Army GI in leaks case testifies he thought he'd die in custody
Pfc. Bradley Manning is trying to avoid trial in the WikiLeaks case, arguing that he was punished enough when he was locked up alone in the small cell for nearly nine months at Quantico, Va.
The Associated Press
FORT MEADE, Md. — An Army private charged in the biggest security breach in U.S. history testified Thursday that he felt like a doomed, caged animal after he was arrested in Baghdad for allegedly sending classified information to the secret-spilling website WikiLeaks.
Speaking publicly for the first time about his May 2010 arrest and subsequent confinement, Pfc. Bradley Manning testified about his time in a cell in a segregation tent at Camp Arifjan, an Army installation in Kuwait.
"I remember thinking, 'I'm going to die. I'm stuck inside this cage,' " Manning, 24, said in response to questions from defense attorney David Coombs. "I just thought I was going to die in that cage. And that's how I saw it — an animal cage."
The intelligence analyst was later sent to a Marine Corps brig in Quantico, Va., in July 2010. His lawyers are seeking dismissal of all charges, contending his pretrial confinement at Quantico was needlessly harsh.
Manning's testimony came on the third day of a pretrial hearing at Fort Meade, an Army post between Washington and Baltimore.
He said that at Quantico, where he was held for nine months in highly restrictive maximum custody, "I started to feel like I was mentally going back to Kuwait mode, in that lonely, dark, black hole place, mentally."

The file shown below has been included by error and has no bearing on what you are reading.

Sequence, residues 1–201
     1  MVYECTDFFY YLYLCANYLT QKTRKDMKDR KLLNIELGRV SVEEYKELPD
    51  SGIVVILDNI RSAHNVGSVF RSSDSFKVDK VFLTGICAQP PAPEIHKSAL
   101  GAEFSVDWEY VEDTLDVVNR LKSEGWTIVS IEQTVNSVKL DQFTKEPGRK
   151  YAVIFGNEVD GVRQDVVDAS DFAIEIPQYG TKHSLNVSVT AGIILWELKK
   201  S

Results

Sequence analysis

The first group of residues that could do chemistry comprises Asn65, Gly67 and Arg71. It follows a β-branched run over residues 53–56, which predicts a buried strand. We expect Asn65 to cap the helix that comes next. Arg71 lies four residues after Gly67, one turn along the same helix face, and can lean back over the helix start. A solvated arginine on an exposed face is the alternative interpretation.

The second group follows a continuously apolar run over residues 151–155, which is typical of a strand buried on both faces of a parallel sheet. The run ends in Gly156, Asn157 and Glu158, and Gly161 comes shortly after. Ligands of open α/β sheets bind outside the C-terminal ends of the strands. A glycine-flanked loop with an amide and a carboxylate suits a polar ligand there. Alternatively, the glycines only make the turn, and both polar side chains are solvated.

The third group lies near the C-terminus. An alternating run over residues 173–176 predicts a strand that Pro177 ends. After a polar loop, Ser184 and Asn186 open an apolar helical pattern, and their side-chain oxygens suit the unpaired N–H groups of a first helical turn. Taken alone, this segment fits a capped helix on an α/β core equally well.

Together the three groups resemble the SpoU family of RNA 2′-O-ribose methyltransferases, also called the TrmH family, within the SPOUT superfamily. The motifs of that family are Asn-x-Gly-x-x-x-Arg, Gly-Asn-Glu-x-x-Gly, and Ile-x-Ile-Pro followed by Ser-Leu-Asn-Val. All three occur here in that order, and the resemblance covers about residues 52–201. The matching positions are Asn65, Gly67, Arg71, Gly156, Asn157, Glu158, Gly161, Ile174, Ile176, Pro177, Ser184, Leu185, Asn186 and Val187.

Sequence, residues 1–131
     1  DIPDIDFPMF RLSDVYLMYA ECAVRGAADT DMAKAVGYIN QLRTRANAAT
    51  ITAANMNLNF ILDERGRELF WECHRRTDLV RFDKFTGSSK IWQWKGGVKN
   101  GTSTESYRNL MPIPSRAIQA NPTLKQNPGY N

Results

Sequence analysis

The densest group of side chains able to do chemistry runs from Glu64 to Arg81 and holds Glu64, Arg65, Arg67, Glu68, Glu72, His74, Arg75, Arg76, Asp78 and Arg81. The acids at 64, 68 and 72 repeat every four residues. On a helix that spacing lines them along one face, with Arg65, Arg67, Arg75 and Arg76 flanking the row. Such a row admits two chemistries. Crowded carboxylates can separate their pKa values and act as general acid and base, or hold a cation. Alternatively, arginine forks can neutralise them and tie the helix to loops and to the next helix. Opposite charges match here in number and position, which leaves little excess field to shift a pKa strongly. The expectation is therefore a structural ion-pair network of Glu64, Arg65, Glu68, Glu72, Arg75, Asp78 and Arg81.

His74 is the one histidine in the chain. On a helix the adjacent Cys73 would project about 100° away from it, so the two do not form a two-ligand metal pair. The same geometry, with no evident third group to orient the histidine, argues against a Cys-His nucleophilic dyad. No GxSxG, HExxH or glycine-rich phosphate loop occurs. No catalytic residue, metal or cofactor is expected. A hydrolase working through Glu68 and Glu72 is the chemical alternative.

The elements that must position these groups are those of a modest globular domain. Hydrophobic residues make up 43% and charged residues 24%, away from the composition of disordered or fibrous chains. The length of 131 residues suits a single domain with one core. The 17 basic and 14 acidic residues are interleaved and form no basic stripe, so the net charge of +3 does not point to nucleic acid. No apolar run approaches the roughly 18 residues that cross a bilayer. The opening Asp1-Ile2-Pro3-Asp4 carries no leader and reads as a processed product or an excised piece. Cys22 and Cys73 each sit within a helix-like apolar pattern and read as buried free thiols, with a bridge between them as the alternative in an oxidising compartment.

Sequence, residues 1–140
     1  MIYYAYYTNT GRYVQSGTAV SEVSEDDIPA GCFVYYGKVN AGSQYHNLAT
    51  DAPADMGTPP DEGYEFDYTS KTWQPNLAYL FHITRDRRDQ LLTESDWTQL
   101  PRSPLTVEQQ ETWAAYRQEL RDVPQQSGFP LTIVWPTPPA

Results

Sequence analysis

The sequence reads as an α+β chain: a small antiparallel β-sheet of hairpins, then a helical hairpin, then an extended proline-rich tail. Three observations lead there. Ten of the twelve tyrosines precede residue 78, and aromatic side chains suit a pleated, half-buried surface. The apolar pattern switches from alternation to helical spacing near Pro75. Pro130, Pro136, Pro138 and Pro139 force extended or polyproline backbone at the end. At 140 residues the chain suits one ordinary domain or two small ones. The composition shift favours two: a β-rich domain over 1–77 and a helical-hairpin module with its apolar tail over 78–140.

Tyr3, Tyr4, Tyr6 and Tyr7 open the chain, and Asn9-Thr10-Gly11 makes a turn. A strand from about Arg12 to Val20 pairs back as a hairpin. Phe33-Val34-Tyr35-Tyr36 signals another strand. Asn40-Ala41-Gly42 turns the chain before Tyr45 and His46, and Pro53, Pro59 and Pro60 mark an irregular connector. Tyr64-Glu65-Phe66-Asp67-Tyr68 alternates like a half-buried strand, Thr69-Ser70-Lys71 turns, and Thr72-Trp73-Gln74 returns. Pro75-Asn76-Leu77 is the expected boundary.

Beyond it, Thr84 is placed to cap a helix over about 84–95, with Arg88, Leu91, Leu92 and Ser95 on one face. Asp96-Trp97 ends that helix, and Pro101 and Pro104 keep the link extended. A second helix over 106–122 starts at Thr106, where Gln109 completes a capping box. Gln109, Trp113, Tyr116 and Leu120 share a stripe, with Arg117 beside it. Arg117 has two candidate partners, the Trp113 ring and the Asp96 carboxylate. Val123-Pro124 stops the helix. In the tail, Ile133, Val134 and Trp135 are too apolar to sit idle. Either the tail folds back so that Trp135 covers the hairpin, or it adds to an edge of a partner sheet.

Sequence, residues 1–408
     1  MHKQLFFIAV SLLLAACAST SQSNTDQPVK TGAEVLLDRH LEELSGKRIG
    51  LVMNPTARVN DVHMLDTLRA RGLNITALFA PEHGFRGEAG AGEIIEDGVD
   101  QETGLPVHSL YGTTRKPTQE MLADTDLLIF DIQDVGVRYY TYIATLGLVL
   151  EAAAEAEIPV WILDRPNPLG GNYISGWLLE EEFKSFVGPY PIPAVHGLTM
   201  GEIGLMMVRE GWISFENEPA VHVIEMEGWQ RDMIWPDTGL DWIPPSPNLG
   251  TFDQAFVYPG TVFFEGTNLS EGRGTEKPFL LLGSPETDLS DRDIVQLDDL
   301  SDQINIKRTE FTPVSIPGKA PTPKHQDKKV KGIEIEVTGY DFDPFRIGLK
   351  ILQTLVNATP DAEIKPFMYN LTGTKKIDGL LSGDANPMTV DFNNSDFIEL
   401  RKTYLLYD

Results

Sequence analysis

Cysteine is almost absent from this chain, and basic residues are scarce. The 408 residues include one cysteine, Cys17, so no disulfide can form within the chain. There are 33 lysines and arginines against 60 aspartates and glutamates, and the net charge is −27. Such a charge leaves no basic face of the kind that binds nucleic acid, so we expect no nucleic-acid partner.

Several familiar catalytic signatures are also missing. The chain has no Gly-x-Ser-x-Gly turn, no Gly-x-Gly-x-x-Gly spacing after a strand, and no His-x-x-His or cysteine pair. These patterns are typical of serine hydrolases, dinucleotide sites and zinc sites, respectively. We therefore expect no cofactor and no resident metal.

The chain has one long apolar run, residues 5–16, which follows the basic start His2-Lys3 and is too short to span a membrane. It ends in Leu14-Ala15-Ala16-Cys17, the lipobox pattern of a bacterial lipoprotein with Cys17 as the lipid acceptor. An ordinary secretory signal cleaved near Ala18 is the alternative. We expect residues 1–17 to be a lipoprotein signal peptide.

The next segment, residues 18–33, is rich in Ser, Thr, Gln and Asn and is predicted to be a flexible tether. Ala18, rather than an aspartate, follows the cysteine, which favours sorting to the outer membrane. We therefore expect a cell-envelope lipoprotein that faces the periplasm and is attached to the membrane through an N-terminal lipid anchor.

Manning is trying to avoid trial in the WikiLeaks case. He argues he was punished enough when he was locked up alone in the small cell for nearly nine months at Quantico, where he also had to sleep naked for several nights.
The military contends the treatment was proper, given Manning's classification then as a maximum-security detainee who posed a risk of injury to himself or others.
Earlier Thursday, a military judge accepted the terms under which Manning was willing to plead guilty to eight charges for sending classified documents to the WikiLeaks website.
Col. Denise Lind's ruling doesn't mean the pleas have been formally accepted. That could happen in December.
But Lind approved the language of the offenses to which Manning would admit.
She said those offenses carry a total maximum prison term of 16 years.
Manning made the offer as a way of accepting responsibility for the leak. Government officials have not said whether they would continue prosecuting him for the other 14 counts he faces, including aiding the enemy. That offense carries a maximum penalty of life in prison.
Under the proposal, Manning would admit to willfully sending the following material: a battlefield video file, some classified memos, more than 20 Iraq war logs, more than 20 Afghanistan war logs and other classified materials. He also would plead guilty to wrongfully storing classified information.